A masterpiece by Botticelli at the Uffizi Gallery: The Calumny of Apelles

A MASTERPIECE BY BOTTICELLI AT THE UFFIZI GALLERY: THE CALUMNY OF APELLES

There’s a masterpiece by Botticelli at the Uffizi Gallery, next to his famous “Primavera” (“Spring”).
It’s a small painting which always runs the risk of passing unnoticed, but if you know it you can’t help but looking at it, because is full of meanings and is also the key to understanding Botticelli’s artistic journey.

READ ALSO – Venus Botticelli: 5 things to know.

In this post I’ll explain why this masterpiece by Botticelli is so important and what “The Calumny of Apelles” represents.

A masterpiece by Botticelli at the Uffizi Gallery

WHEN BOTTICELLI PAINTED THE CALUMNY OF APELLES

Botticelli’s masterpiece “The Calumny of Apelles” was painted around 1496.
Lorenzo il Magnifico (the Magnificent) had died some years earlier, in 1492, and the Dominican friar and preacher Girolamo Savonarola criticized the culture of that time by urging everyone to repent, until he was condemned and burned at the stake in 1498.

The Florentines, and Sandro Botticelli as well, were captivated by Girolamo Savonarola and his passionate sermons against corruption and decadence of the Church.

Botticelli’s masterpiece “The Calumny of Apelles” was painted when the artist suffered a severe existential crisis which would change forever his style and the subjects of his works.

Therefore, “The Calumny of Apelles” is a divide between the first and the second phases of Botticelli’s artistic production.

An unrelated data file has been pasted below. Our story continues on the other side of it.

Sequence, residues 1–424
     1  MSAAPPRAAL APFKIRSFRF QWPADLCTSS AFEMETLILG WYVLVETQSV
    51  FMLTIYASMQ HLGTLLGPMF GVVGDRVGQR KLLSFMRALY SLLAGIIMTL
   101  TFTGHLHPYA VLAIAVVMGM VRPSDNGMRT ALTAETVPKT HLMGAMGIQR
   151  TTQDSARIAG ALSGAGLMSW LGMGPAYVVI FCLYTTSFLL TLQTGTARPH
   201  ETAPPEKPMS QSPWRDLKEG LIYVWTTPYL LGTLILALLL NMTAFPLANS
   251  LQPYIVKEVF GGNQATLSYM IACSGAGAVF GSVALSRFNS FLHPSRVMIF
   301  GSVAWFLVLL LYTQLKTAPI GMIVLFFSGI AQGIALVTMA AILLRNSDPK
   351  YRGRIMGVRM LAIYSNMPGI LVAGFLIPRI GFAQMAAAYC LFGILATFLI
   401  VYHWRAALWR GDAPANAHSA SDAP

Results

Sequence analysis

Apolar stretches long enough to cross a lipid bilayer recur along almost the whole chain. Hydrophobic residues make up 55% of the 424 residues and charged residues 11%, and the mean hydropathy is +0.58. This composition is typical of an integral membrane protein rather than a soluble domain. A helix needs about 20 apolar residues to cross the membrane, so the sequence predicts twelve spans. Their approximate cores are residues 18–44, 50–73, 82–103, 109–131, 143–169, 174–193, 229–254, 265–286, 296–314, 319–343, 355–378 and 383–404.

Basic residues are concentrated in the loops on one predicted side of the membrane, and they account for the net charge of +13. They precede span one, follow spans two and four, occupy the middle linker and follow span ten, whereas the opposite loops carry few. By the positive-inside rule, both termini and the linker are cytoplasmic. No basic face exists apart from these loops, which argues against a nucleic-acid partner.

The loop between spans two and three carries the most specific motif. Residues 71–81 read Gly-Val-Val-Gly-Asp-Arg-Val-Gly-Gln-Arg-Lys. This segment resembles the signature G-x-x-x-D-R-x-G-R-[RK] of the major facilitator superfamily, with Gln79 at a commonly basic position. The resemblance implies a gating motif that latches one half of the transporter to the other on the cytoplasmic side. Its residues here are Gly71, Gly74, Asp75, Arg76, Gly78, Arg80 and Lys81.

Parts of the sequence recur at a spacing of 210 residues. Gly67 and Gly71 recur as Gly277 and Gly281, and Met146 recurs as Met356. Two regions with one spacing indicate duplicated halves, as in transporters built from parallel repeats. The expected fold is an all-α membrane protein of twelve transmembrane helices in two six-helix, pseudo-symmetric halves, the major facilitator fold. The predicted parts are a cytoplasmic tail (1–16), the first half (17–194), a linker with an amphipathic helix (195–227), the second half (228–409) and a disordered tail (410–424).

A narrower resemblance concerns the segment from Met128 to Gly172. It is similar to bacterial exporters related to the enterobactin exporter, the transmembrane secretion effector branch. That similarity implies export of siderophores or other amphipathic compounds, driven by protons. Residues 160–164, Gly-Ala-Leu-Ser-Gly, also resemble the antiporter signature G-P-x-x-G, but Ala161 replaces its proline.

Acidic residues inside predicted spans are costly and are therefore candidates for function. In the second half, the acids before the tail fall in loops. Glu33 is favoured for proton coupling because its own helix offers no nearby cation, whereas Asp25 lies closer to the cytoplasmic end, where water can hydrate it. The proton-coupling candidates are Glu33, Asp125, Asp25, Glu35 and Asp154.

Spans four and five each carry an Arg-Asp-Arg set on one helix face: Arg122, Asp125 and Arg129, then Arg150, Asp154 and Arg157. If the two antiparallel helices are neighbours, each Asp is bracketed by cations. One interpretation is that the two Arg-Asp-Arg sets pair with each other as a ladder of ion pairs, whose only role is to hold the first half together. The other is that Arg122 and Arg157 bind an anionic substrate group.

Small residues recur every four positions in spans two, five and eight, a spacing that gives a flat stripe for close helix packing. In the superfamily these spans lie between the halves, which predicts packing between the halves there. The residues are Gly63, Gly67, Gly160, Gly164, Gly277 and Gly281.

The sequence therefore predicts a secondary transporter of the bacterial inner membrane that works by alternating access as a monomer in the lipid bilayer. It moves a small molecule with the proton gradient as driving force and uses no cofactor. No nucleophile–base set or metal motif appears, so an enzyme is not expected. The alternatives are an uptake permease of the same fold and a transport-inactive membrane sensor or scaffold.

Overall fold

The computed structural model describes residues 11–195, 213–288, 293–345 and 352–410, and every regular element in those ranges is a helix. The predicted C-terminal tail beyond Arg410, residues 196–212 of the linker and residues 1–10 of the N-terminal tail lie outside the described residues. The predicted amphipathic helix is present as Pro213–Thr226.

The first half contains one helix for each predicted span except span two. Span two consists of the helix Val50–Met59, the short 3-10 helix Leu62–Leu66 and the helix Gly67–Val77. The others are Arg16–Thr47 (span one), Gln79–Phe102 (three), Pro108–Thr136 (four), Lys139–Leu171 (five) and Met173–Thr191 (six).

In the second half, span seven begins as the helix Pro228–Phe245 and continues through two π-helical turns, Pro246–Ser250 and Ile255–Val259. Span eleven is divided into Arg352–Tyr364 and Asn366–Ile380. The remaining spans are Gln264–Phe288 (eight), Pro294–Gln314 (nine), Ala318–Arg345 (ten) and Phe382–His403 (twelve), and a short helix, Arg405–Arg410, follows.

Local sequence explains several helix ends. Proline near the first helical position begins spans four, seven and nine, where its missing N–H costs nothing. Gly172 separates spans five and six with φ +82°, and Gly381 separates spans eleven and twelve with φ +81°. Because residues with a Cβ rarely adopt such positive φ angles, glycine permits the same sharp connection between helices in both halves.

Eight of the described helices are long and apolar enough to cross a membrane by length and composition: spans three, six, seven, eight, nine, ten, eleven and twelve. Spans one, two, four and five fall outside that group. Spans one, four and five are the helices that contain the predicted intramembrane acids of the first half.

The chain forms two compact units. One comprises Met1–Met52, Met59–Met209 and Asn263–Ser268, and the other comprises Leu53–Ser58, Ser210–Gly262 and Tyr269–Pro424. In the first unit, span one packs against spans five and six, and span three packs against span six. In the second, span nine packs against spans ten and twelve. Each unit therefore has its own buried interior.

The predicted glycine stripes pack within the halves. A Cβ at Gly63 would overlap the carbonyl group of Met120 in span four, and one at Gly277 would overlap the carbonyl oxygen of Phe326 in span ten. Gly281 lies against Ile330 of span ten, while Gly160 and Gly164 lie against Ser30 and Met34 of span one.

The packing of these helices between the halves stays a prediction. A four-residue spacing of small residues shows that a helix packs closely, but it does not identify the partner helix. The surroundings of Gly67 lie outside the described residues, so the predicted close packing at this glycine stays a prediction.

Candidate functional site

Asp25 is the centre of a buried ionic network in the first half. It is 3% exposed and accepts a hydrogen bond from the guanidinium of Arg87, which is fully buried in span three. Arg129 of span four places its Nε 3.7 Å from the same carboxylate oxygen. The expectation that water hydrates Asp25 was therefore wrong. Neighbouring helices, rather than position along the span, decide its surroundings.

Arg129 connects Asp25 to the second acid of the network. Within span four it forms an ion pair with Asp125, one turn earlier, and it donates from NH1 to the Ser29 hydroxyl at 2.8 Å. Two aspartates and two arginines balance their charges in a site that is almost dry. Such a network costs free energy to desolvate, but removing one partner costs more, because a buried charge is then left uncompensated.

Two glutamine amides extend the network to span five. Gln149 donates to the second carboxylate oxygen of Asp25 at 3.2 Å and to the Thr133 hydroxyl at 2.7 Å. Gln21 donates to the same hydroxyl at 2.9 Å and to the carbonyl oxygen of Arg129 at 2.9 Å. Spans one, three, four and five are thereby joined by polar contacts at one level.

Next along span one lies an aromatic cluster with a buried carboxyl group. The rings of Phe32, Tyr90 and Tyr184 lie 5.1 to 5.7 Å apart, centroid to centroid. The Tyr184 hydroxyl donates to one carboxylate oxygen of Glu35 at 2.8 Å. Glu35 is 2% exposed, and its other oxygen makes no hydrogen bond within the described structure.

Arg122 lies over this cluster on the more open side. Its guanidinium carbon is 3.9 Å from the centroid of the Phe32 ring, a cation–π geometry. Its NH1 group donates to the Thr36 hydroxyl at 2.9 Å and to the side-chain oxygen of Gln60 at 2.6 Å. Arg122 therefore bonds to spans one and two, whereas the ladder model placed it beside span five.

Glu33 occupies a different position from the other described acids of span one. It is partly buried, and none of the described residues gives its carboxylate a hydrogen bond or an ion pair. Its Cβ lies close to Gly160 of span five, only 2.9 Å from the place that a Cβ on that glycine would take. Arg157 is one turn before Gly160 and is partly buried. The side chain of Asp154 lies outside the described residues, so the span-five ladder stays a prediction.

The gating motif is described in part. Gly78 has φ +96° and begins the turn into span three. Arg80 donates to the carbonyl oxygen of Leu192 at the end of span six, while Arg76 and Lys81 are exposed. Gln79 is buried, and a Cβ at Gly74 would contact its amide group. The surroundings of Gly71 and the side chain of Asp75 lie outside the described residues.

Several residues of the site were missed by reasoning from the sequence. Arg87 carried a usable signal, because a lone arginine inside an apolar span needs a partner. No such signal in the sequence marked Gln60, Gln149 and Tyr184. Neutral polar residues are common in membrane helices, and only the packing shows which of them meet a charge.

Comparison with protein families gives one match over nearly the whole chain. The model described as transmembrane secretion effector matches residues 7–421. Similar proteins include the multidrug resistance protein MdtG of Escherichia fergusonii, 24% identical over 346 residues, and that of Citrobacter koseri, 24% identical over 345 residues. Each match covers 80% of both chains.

DESCRIPTION OF THE CALUMNY OF APELLES

To create his painting Botticelli drew inspiration from an ancient lost painting by the great Greek painter Apelles (4th century BC), described by the Greek writer Lucian of Samostata.
Lucian claims that the painting was inspired by an event happened to the artist himself, who was wrongly accused.

The works has to be read from right to left.
On the throne sits King Midas with donkey ears and in the guise of a judge, listening to the suggestions of “Ignorance” and “Suspicion” that are at his back.
In front of King Midas there’s “Rancour” (Envy), a hooded man in black grabbing “Calumny” (Slander) by the arm, who is a beautiful woman whose hair is being arranged by “Conspiracy” and “Fraud”.
It’s “Calumny” (Slander) to drag by the hair the accused man, while holding in the other hand a flaming torch, symbol of false knowledge.

In the scene there are also “Repentance” (the old lady on the left) and “Truth” nude and looking at the sky while pointing with her finger upwards to Heaven, which is the only real justice.

 

 

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